During an interiew with NME, Max Martin revealed what he considered to be important information when writing pop music. His general rules are listed in full below – but he sticks to 3 main principles. Don’t overwhelm the listener, make the most familiar and most importantly, the vocal is what is important. These are teachings that I will apply to my own compositions in writing familiar pop music.

“Another theory is that you can also sing the chorus melody as a verse. For instance, take ‘I Wanna Be Your Lover’ with Prince. The verse and chorus of that song are exactly the same. But as a listener, you don’t really notice since the energy of the chorus is completely different compared to the verse” – (Max Martin, 2017)

Singing involves a great deal of psychology. If the artist isn’t having a great day or finds it all boring, my role becomes that of a coach. Getting the very best out of the artist. Helping them perform at their very best when it’s game time. One way to get them there is to bring them out of their comfort zones. To coach them a little, get them to try new stuff” (Max Martin, 2017)

“If you’ve got a verse with a lot of rhythm, you want to pair it with something that doesn’t. Longer notes. Something that might not start at the same beat. As I say this, I’m afraid it might sound like I’ve got a whole concept figured out…But it’s not like that. The most crucial thing is always how it feels. But the theories are great to have on hand when you get stuck. ’We can’t think of anything, is there anything we could do?’ In those cases, you can bring it in as a tool. If you listen to ‘Shake It Off’ with Taylor Swift (he hums the verse melody). After that segment, you need a few longer notes in order to take it all in, otherwise it’s simply too much information. If there would have been as many rhythm elements in the part right before the chorus.” (Max Martin, 2017)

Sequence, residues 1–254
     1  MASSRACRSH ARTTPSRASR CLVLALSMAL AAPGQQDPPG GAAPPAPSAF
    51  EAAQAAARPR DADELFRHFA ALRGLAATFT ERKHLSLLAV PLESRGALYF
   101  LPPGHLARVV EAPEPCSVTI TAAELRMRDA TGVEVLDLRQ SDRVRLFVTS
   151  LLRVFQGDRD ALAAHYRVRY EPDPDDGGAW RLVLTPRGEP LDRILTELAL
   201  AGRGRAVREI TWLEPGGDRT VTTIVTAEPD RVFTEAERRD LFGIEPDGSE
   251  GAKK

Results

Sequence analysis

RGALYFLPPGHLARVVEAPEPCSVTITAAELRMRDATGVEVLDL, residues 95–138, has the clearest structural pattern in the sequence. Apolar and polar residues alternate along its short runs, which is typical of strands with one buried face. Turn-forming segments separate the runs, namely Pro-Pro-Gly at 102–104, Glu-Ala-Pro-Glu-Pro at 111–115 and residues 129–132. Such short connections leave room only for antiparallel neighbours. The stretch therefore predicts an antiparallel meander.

“The level of attention he puts into the song, no stone unturned and really finds the best lyric, melody etc. He puts a lot of focus on the vocal – he treats it as an instrument. If the melody is great, he focuses on the melody as well. I call him earworms. He’s amazing at making earworms.” (Justin Timberlake, 2016)

Pop Music Characteristics – Tempo

Posted in Pop Music Analysis on February 17, 2017 by James Woodliffe

Pop Music is a genre of music that is popular and not appealing to the sub-genres of music culture. Pop music tends to use many many styles and themes borrowed from other genres. The main medium of pop music is the song, often between two and a half and three and a half minutes in length. The songs usually have a strong rhythmic and/or melodic element to them that the listener can grab on to straight away. Common variants include verse-chorus structure in a 32 bar form that has contrasting elements within the verse and chorus separated by catchy vocal hooks. The beats and instruments tend to be very simple with the focus on the vocal pattern. Production tends to focus on the vocals first and everything else after due to the vocal being the selling point.

The graph below is research into the Top 100 Billboard tracks of 2015 and mapping where they lie in terms of tempo. 120 bpm is the most common bpm of 2015, appearing the most times (6), the median value was also 120. I found this quite interesting that both Pro Tools and Logic open sessions at 120 bpm as a default. However, there is no correlation between song tempo and placement within the chart. As pop music focuses around the vocal, the tempo is not irrelevant, just not as important. However factors such as song tempo will bring a familiarity with the listener, which is important for pop music’s success. Interestingly, there is a direct comparison between a song’s tempo, its danceability and its commercial success. The more danceable songs were between 78 and 140 bpm. The top 9 most popular songs were between 108 and 150 bpm.